At this point, I’m not sure. My heart grieves these treasures—and then God reminds me of something.
This week we Decked the Halls. Twinkle lights strung on the Christmas tree, stockings hung by the fire, Frank Sinatra holiday tunes, and energized boys running laps around the kitchen.
In all the holiday fun, I decided to take some berry branches I grabbed at the craft store and make a small, simple wreath to hang on a coat hook by our front door.
Not so simple.
These cloth-covered wire thingy-ma-bobs kept popping out of place as I shoved and twisted. Ugh. Why did they make them so hard to bend?
As I twisted and formed the wired branches, God whispered some wisdom.
Photo by Anita Austvika on Unsplash
“Mom, who do you love more?” My sons ask, both looking up with their precious faces and competing hearts.
Inwardly I think, “Depends on who’s obeying better.”
Did I just write that?
Outwardly I reply, “I love both of you equally. Both of you have my whole heart.”
They run off to play and I run into pondering God’s love as I brown meat for tacos.
- Does God love me more when I obey?…
- Does God love me less when I’m foolish?….
- Does God love me more when I rock housecleaning and Bible study?…
- Does He love me less when the floors are sticky and I was too tired to read?
- Does the measure of God’s love fluctuate like the feelings of love we have toward our kids?
Does God love us the same ALL the time?
photo thanks to unsplash
As soon as the sun slivers through my blinds, I’m serving needs—picking up the babbling toddler, packing a PB&J for my preschooler, and writing my mental list for Target. And that’s just the first ten minutes.
It’s no wonder some days I feel more poured out than poured in. On such a day, I sat down to pray, closed my eyes, and silently started, “Lord, I worship You. What do You need me to do?”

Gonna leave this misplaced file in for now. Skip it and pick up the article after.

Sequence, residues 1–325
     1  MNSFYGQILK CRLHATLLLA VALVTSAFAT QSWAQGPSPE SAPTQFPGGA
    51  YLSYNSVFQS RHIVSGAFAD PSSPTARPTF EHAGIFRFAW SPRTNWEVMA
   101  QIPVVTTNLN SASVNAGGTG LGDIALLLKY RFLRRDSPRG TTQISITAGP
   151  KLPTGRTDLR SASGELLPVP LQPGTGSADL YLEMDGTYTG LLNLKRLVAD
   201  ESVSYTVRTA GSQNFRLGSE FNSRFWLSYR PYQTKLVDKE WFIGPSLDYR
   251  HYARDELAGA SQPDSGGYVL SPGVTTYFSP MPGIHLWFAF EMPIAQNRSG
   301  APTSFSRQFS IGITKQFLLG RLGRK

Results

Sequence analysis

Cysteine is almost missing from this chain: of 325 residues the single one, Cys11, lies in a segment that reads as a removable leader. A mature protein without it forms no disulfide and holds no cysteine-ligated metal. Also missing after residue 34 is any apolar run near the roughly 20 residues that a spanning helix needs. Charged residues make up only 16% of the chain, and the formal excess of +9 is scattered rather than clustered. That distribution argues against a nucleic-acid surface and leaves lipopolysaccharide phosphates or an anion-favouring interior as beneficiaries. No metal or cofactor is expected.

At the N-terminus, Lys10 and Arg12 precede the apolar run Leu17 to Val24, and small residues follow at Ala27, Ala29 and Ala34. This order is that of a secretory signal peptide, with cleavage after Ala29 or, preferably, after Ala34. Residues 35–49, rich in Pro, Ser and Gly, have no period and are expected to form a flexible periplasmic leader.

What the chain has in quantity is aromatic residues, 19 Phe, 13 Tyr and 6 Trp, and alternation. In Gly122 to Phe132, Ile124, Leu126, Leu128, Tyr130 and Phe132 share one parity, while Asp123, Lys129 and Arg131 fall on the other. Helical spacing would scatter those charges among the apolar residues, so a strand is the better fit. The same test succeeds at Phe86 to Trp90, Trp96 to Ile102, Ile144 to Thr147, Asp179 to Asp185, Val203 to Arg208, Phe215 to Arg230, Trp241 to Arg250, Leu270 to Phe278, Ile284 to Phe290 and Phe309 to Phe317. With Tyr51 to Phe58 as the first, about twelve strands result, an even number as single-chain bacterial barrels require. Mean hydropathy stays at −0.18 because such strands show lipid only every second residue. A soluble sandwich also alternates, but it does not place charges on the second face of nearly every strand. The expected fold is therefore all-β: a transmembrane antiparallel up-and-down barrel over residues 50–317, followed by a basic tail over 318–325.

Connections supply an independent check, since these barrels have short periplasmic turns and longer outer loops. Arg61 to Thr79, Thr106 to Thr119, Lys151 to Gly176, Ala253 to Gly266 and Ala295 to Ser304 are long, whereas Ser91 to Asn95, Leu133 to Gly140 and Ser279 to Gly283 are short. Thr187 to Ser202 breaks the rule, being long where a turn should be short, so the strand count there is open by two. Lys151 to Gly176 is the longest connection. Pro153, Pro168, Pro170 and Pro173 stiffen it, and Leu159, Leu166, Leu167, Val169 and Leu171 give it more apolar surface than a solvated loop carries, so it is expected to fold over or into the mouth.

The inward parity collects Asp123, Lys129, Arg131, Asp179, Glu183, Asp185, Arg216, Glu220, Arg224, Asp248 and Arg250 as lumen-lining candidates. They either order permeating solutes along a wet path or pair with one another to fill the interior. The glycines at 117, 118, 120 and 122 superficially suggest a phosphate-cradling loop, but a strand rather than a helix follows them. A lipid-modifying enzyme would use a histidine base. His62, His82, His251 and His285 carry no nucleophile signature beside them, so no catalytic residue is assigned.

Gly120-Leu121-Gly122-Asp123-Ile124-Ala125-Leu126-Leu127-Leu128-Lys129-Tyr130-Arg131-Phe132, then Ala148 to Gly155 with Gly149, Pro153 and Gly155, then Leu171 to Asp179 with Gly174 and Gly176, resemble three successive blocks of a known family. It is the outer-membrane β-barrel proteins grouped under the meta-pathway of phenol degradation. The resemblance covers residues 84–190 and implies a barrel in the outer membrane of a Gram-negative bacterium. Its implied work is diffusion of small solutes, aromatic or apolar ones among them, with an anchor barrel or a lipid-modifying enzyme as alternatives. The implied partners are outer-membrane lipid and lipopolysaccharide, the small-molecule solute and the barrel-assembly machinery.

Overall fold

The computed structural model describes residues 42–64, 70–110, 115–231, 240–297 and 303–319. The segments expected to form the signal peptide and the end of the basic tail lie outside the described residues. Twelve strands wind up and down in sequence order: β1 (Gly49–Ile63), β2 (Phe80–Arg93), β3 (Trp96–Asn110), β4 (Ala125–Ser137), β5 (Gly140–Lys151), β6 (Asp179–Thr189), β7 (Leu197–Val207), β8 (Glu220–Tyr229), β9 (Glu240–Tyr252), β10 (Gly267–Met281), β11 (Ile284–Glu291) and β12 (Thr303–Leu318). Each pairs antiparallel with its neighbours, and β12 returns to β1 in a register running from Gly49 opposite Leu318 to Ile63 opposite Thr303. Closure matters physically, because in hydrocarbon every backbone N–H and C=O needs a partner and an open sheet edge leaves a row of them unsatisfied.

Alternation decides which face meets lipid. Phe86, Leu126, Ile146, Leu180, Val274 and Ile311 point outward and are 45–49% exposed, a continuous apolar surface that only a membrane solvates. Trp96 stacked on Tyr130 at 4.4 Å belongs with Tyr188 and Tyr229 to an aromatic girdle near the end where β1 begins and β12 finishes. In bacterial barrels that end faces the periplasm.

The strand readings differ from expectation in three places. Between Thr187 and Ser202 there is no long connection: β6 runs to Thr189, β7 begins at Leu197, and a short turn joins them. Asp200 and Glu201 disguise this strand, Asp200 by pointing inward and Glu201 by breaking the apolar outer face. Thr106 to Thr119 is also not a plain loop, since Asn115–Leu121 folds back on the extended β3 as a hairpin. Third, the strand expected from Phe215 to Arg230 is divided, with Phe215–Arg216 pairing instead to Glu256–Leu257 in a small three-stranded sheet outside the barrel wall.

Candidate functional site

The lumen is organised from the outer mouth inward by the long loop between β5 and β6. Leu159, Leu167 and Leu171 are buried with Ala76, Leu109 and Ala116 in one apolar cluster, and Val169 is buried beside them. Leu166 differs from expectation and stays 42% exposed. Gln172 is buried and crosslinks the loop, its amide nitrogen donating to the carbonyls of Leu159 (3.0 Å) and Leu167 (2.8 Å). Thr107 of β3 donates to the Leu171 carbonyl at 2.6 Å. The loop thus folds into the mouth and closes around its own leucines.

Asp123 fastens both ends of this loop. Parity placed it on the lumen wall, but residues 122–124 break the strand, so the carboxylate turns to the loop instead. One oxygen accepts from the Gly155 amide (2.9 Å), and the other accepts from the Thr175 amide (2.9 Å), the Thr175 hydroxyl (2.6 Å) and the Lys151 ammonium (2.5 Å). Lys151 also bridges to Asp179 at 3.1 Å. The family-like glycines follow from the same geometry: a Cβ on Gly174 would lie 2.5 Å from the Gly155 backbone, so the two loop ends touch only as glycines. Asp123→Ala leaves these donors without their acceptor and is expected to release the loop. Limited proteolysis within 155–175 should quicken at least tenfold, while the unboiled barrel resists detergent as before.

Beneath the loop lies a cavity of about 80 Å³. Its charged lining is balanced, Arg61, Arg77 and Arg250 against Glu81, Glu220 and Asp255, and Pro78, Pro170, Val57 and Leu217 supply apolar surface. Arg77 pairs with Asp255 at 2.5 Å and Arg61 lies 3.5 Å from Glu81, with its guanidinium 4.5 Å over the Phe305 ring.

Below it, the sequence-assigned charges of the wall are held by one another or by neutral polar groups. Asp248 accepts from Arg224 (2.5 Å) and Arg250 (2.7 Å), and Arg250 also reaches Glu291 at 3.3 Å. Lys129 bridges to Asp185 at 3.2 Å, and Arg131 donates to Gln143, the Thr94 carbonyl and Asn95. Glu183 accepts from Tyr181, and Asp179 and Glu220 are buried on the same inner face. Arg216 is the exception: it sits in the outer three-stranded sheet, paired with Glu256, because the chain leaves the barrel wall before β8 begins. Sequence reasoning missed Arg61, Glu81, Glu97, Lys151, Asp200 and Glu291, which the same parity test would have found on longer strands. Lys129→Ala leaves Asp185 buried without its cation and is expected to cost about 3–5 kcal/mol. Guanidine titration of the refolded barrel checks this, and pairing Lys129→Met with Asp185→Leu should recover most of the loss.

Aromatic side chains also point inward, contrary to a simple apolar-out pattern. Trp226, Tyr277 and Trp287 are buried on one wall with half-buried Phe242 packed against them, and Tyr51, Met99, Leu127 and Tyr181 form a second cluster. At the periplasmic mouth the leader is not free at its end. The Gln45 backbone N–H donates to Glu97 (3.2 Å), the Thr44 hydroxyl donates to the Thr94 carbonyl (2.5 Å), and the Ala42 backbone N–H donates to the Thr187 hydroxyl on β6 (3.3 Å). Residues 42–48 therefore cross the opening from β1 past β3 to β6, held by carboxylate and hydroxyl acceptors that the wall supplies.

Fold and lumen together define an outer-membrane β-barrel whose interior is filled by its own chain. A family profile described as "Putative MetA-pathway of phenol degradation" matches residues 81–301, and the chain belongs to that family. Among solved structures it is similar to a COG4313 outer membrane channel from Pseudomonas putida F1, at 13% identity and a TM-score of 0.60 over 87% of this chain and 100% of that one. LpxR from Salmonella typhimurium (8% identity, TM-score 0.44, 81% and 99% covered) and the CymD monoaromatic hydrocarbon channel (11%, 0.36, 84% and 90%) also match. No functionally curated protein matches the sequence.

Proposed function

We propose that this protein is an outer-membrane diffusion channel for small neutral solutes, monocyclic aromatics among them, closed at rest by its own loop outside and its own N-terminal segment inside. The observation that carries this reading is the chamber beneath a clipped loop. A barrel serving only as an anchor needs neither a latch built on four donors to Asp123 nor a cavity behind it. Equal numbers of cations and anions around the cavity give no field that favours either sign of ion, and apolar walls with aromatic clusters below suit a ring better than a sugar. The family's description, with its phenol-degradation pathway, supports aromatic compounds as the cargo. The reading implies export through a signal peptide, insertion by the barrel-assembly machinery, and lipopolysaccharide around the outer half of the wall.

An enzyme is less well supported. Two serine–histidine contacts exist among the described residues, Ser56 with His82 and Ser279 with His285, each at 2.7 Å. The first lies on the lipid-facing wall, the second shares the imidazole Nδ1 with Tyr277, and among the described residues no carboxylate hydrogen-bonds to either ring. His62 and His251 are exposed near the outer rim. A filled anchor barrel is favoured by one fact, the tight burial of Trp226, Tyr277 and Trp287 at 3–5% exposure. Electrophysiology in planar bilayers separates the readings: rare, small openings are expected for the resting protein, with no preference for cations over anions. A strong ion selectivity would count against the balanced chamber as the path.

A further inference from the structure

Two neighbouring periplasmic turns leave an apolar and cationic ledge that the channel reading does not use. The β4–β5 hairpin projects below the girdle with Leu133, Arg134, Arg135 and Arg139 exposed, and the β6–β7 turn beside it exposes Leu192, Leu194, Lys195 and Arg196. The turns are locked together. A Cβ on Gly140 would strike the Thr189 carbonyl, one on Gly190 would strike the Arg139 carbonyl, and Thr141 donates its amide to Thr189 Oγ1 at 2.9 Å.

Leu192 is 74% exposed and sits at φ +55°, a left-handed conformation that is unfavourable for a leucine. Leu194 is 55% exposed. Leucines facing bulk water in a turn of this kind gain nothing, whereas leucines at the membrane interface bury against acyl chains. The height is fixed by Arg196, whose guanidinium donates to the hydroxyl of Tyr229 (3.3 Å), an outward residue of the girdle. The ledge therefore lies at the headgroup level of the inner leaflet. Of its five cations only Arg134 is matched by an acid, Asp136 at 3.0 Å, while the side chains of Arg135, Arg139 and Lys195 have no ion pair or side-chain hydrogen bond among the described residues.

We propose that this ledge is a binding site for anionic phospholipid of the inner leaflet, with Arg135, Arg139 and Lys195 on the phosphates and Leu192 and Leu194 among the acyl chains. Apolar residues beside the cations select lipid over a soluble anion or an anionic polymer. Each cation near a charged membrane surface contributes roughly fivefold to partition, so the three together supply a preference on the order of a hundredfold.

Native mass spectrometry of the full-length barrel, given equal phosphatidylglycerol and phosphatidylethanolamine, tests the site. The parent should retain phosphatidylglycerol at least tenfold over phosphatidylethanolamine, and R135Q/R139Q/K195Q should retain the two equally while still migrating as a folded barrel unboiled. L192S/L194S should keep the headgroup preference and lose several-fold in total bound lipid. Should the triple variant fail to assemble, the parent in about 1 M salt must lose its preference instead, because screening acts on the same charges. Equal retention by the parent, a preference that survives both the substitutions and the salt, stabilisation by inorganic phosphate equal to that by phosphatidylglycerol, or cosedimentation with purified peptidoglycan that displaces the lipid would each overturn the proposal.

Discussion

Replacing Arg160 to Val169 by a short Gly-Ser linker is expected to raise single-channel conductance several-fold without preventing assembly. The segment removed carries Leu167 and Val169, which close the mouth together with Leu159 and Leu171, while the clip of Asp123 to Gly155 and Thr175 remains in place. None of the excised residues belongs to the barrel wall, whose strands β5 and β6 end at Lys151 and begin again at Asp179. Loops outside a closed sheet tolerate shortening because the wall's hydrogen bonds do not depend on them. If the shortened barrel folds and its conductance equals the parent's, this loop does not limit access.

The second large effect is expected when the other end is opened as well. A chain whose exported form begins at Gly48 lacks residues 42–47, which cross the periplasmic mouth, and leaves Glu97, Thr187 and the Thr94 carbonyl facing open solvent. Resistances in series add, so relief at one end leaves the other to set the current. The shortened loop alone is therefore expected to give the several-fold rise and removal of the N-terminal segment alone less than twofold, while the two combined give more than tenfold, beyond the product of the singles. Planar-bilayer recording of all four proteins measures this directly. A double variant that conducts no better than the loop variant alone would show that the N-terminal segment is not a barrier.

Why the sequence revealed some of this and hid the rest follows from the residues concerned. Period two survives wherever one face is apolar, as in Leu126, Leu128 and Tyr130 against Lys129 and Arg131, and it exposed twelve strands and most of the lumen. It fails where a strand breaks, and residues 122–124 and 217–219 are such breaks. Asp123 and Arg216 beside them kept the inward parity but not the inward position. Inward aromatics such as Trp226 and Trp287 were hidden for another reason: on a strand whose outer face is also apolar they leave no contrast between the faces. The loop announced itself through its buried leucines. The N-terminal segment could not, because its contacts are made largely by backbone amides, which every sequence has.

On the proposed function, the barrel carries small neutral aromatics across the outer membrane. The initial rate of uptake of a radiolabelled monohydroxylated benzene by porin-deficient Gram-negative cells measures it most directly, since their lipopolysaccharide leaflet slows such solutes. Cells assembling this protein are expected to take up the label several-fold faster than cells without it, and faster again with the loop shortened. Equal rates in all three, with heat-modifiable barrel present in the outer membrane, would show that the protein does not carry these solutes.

God’s response surprised me. (more…)
This weekend I walked in the damp Pennsylvania woods while the wind rustled the branches and the leaves surrendered drops of captive rainwater. Tink, shh, woo, tink. Maple, dogwood, oak, and beach, all letting go of their holdings, adding to the colorful canvas on the floor of the woods. I drew near to God who created these trees as I stared in silence.
More than 25 years ago I wandered these woods—lost and searching, not knowing what my heart ached and grasped for. The golden hues of the Maple tree whispered something of majesty and I wondered, “Does God exist? And if He does, I want to know Him.”
Looking back over more than two decades of following Jesus, I see times when I simply just lived. Rushing from one “important” thing to the next—barely breathing, let alone wondering at the hue of the golden maple—or leaning in to recognize God’s whisper through the rustling of the leaves.
Are you rushing this Fall? Here is one simple thing we can do to draw closer to God.
My Instagram feed splashes images of quick quotes and inspirational verses intended to remind me of living for Jesus. But this week they seemed to skim my soul rather than refresh it. There is something deeper needed for powerful living than quick tips— the same thing is needed for powerful parenting.
What do we need for powerful parenting?